History and tradition
- During medieval times, the Royal Serjeants-at-Arms had the power to arrest without a warrant. Their maces—originally ordinary weapons of war similar to a club—became their emblems of authority. In an age in which few people could read or write, Serjeants would make an arrest by showing their mace stamped with the Royal Arms, instead of producing a written warrant.
- Since the 17th century, the mace has been recognised as an icon of the parliament and a symbol of the Speaker’s authority.
- As maces have evolved from weapons of war to symbols of parliament, their shape has also changed. The flanged heads have become smaller. The butt end, which carries the Royal Arms, has expanded to accommodate larger and more ornate Royal Arms, along with an arched crown surmounted by an orb and cross. As a result, maces began to be carried up the other way, with the butt end (Royal Arms and cross) at the top.
- In the United Kingdom, proceedings in the House of Commons are not able to take place without the mace. A number of famous incidents in the history of the UK have highlighted this tradition. Sittings have also been unable to start when the cupboard in which the mace was kept could not be unlocked. There have also been numerous attempts to disrupt proceedings by removing, or trying to remove, the mace from the chamber, including in 1987. Ron Brown, then Labour MP for Leith, picked up the mace during a debate on the poll tax, and threw it to the floor. The mace was damaged and Brown was ordered to pay £ 1,500 to repair it. When he later deviated from the pre-agreed apology to the Speaker, he was suspended from the Commons and the Labour Party. Other jurisdictions have had interesting issues with their maces. In the Victorian state parliament (Australia), the mace went missing from its locked case on October 8, 1891. It was never recovered.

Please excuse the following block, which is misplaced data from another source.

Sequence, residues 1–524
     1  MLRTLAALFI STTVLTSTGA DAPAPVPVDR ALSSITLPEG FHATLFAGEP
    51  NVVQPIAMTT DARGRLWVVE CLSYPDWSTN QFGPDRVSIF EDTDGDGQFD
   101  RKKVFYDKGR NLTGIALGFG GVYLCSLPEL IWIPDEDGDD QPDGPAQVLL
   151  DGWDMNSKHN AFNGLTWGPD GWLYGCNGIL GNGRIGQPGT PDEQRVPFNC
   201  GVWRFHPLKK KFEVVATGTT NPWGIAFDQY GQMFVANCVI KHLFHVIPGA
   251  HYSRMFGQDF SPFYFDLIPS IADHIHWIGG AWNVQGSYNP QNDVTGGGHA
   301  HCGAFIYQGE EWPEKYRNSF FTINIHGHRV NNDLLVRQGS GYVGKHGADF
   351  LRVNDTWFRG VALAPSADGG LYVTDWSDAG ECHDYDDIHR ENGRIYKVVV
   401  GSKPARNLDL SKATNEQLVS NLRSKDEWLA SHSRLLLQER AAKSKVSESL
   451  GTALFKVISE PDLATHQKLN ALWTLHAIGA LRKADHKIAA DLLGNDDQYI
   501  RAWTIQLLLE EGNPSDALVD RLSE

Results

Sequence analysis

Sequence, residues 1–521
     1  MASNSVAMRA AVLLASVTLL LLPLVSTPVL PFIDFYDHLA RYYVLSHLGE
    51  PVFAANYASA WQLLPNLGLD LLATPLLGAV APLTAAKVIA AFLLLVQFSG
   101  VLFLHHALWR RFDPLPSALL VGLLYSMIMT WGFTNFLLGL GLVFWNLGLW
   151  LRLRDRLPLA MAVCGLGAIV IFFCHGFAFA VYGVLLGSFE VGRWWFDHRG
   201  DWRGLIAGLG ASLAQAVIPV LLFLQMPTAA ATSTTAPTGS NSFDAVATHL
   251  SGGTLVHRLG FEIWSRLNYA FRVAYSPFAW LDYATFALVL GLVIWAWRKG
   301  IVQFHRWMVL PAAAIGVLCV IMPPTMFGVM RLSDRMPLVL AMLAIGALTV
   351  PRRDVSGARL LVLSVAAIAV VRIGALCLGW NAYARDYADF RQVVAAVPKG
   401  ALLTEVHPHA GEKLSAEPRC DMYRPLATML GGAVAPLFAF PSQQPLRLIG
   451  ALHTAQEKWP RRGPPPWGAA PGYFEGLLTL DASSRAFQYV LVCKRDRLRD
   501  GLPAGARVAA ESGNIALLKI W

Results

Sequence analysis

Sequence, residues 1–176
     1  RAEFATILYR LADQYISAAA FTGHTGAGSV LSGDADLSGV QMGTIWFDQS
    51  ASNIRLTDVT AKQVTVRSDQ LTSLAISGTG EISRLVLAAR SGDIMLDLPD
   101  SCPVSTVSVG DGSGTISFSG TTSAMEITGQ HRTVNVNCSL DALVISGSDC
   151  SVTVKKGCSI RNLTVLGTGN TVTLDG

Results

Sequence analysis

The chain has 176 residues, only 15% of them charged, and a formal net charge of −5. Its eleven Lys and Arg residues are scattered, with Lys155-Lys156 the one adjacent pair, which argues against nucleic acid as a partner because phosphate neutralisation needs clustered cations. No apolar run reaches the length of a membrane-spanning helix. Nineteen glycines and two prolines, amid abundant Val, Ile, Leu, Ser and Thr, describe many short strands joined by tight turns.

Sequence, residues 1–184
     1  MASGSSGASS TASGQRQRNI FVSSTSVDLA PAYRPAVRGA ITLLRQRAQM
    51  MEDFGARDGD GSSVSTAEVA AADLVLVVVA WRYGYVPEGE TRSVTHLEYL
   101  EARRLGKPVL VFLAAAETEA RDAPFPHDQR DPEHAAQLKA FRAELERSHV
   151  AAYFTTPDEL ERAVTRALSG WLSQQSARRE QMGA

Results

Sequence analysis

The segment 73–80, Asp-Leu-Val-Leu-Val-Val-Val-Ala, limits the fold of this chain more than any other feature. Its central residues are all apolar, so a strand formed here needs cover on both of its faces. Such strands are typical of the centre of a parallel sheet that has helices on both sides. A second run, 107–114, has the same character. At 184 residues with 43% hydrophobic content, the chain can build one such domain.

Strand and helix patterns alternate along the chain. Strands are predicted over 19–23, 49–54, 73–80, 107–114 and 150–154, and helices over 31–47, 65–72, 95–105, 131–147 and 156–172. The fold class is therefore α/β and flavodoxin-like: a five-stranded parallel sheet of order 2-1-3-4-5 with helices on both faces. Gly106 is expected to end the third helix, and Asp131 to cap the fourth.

The Mace of the ACT Legislative Assembly
- The mace of the Legislative Assembly was a gift from the Australian Region of the Commonwealth Parliamentary Association. It was officially presented to the then Speaker, Mr Wayne Berry MLA, at a meeting of presiding officers in Melbourne on 9 July 2004. Prior to this, the Assembly did not have a mace.
- Our mace was designed and manufactured by a local design company. It is 95cm long and weighs approximately 8.5kgs. The design is divided into three sections, representing the “Y plan” that was adopted by the National Capital Development Commission in 1967, to guide the urban development in Canberra. The spine of our mace is made of stainless steel and locally sourced Yellow Box timber. This is not a traditional cabinet making timber, but was chosen to complement the furniture in the Assembly chamber. The mace’s detailed carvings, by local craftsman Myles Gostelow, are of the Royal Bluebell, the floral emblem of the ACT.
- The Serjeant-at-Arms is the custodian of the mace.
- When the mace is not in use, it is secured in a cabinet outside the Chamber.
- At the beginning of each sitting day, the Serjeant-at-Arms, carrying the mace on the right shoulder, precedes the Speaker into the Chamber. All members stand at their desks while the Serjeant-at-Arms places the mace in front of the Clerks’ table on its brackets, with the larger end pointing towards the government. The mace remains in this position throughout the sitting.
- At the conclusion of the sitting, the Serjeant-at-Arms once again with the mace on the right shoulder, precedes the Speaker out of the chamber.
There are lots of interesting facts about maces... have a look online and see what else you can find.
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The Bar of the House